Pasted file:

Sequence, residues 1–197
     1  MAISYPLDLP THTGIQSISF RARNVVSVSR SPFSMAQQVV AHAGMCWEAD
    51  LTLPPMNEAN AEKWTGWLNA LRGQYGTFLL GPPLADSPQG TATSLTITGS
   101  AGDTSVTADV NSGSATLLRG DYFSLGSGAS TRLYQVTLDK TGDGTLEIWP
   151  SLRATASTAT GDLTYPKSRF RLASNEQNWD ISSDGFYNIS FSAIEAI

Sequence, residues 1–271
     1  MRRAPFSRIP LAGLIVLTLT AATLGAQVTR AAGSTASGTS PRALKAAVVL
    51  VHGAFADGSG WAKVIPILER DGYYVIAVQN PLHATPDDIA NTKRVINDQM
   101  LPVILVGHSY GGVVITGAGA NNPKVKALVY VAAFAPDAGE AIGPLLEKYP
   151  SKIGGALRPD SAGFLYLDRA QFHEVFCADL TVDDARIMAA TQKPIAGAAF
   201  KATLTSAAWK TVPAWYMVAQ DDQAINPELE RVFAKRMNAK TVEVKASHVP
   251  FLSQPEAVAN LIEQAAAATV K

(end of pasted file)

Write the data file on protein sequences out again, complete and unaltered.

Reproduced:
Sequence, residues 1–197
     1  MAISYPLDLP THTGIQSISF RARNVVSVSR SPFSMAQQVV AHAGMCWEAD
    51  LTLPPMNEAN AEKWTGWLNA LRGQYGTFLL GPPLADSPQG TATSLTITGS
   101  AGDTSVTADV NSGSATLLRG DYFSLGSGAS TRLYQVTLDK TGDGTLEIWP
   151  SLRATASTAT GDLTYPKSRF RLASNEQNWD ISSDGFYNIS FSAIEAI

Sequence, residues 1–271
     1  MRRAPFSRIP LAGLIVLTLT AATLGAQVTR AAGSTASGTS PRALKAAVVL
    51  VHGAFADGSG WAKVIPILER DGYYVIAVQN PLHATPDDIA NTKRVINDQM
   101  LPVILVGHSY GGVVITGAGA NNPKVKALVY VAAFAPDAGE AIGPLLEKYP
   151  SKIGGALRPD SAGFLYLDRA QFHEVFCADL TVDDARIMAA TQKPIAGAAF
   201  KATLTSAAWK TVPAWYMVAQ DDQAINPELE RVFAKRMNAK TVEVKASHVP
   251  FLSQPEAVAN LIEQAAAATV K